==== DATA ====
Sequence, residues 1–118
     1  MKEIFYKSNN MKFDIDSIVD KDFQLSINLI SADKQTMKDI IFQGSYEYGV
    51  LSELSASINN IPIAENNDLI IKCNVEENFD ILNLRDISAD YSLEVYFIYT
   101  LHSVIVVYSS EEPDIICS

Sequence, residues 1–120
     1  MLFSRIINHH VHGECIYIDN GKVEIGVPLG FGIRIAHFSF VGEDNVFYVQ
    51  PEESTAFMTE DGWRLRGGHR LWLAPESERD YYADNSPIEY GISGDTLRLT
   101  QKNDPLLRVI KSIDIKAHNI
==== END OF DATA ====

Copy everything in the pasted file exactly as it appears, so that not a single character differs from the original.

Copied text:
Sequence, residues 1–118
     1  MKEIFYKSNN MKFDIDSIVD KDFQLSINLI SADKQTMKDI IFQGSYEYGV
    51  LSELSASINN IPIAENNDLI IKCNVEENFD ILNLRDISAD YSLEVYFIYT
   101  LHSVIVVYSS EEPDIICS

Sequence, residues 1–120
     1  MLFSRIINHH VHGECIYIDN GKVEIGVPLG FGIRIAHFSF VGEDNVFYVQ
    51  PEESTAFMTE DGWRLRGGHR LWLAPESERD YYADNSPIEY GISGDTLRLT
   101  QKNDPLLRVI KSIDIKAHNI